The time and fiscal benefits of this program are easy to see. But I place so much more value on the skills I gained by being pushed toward excellence by our mentors and teachers. They instilled in me a drive to do my best work, a willingness to be the best I could be, and the overwhelming desire to make them proud of me. I hope that so far I have.
Jordan transferred 60 college credits from the Reynolds ACA to UMW and will graduate with a B.S. in Economics in May, 2017, after only two years at UMW. In August, 2017, she will begin law school at the University of Richmond on a full academic scholarship. She anticipates being able to earn her law degree at the age of 23.
In 2012, I accepted a position in Reynolds Community College’s Advance College Academy as a 13 year old middle school student. I was nervous about my decision, not because the reality of high school was quickly approaching but because the program was the first of its kind in Virginia and there were many questioning the likelihood of its success. Questions like “Are high school students capable of mastering college coursework?” and “How will the program experience and the degree affect them in the long run?” were primarily given answers that generally fell along the lines of “We aren’t quite sure yet.” While that answer may have deterred some, it interested me as well as my fellow classmates and we became a unique blend of trailblazers, pioneers, and guinea pigs over the course of our high school experience.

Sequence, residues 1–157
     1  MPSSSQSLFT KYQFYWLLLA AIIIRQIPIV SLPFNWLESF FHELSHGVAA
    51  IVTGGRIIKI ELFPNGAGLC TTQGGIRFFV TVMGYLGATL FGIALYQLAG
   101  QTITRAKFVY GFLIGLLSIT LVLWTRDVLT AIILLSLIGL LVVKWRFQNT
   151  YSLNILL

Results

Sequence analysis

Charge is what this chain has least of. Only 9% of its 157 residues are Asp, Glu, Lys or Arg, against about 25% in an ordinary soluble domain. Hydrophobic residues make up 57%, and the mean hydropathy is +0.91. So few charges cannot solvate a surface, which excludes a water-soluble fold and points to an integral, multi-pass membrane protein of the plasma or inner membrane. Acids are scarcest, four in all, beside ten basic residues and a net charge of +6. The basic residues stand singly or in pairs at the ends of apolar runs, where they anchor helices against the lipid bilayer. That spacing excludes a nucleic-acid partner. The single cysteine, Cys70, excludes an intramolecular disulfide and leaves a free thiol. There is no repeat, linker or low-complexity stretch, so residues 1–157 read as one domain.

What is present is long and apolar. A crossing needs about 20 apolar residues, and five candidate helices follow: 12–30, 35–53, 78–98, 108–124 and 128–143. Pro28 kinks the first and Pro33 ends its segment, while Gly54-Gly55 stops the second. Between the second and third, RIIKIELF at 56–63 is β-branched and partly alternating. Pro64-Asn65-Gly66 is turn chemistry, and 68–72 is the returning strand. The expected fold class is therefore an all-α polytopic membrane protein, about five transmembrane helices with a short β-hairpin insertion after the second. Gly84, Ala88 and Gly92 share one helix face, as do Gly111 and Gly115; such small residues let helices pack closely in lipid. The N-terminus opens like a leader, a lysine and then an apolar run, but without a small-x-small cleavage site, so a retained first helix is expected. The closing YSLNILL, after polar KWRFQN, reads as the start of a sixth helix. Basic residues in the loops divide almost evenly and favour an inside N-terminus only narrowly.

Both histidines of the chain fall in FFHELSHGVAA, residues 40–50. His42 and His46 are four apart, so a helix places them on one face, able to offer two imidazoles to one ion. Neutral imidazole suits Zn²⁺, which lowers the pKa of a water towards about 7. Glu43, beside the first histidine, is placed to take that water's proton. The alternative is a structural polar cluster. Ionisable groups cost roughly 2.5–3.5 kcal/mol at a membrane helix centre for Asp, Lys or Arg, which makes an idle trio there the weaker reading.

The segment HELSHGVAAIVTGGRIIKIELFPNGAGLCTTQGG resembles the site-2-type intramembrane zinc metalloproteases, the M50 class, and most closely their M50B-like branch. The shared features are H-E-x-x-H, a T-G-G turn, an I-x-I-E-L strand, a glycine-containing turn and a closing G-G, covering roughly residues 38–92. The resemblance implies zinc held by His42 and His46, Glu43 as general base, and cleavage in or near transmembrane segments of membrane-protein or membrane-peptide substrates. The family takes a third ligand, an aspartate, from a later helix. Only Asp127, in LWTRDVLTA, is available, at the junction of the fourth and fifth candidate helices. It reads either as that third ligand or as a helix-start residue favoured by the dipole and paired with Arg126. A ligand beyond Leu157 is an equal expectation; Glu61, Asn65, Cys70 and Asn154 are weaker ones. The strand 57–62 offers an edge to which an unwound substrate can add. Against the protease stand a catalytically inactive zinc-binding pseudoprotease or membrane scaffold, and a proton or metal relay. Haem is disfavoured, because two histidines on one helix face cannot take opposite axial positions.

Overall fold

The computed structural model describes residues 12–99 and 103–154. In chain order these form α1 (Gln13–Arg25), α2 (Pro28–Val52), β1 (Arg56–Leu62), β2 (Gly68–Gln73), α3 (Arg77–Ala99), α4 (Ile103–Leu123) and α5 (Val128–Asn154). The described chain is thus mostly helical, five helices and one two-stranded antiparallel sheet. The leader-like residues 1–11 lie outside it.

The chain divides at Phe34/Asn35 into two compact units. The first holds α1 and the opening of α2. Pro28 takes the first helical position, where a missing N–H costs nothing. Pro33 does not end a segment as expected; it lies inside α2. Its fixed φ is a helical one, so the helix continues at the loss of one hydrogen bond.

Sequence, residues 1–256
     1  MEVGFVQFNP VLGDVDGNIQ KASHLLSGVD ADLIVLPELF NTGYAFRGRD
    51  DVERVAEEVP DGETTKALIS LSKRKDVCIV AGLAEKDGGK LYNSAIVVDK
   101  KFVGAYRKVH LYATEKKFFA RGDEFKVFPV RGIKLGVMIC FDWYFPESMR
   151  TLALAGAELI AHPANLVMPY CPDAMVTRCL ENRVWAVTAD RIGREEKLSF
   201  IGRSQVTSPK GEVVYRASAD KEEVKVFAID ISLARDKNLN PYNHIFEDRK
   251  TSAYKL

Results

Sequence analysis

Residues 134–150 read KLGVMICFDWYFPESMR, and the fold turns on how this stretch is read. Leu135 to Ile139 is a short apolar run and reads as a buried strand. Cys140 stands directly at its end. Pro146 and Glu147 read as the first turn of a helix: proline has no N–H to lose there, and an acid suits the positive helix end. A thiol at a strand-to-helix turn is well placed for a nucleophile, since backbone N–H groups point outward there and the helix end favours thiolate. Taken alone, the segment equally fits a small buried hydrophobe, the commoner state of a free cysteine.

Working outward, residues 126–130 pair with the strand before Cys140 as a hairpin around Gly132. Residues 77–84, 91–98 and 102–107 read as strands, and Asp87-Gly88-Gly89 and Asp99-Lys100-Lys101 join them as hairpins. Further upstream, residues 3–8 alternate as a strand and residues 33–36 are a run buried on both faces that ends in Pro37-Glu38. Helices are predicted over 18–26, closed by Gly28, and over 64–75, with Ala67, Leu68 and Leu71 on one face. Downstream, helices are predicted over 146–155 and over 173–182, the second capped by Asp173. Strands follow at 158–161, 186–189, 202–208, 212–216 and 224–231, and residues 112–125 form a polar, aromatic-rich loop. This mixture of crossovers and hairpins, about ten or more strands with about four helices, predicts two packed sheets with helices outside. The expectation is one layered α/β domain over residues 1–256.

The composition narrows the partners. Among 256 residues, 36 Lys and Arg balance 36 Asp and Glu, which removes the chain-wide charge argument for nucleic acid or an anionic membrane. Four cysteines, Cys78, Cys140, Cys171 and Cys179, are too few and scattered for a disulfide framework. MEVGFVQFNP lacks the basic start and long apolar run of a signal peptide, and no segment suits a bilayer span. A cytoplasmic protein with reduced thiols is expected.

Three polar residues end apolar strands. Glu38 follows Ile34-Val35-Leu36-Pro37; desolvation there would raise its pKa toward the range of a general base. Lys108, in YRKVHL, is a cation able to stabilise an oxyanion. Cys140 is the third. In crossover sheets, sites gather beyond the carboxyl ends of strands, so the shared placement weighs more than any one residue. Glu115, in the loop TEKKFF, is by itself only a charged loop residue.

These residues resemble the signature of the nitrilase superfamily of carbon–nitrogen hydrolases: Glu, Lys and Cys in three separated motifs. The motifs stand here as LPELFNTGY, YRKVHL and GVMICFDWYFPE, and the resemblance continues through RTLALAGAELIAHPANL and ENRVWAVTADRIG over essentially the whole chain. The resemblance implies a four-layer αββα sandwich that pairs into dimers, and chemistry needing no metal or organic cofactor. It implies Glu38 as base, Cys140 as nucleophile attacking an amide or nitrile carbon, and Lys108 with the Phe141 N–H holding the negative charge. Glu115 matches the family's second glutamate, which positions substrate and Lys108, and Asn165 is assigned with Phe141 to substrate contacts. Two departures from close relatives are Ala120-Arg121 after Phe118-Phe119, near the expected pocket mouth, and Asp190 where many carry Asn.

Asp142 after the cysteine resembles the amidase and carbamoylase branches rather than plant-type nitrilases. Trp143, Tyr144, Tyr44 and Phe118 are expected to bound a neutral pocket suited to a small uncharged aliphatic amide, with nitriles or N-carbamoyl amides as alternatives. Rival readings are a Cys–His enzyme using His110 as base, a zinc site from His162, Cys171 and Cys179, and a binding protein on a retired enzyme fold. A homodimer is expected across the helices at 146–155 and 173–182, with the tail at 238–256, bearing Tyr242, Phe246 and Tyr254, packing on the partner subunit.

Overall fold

In 2016 I was a part of the second class that graduated from Reynolds Community College’s Advance College Academy with an AS in Social Science while simultaneously earning my high school diploma from J.R. Tucker High School. Today, 5 years after my decision to join the Advance College Academy in 2012, I stand before you as a freshman at The George Washington University studying International Affairs and Philosophy at the highly regarded Elliott School of International Affairs in Washington D.C. As an academic junior, I excel in my level 300 coursework. My professors frequently applaud the quality of work I produce and have extended a multitude of research assistantships to me.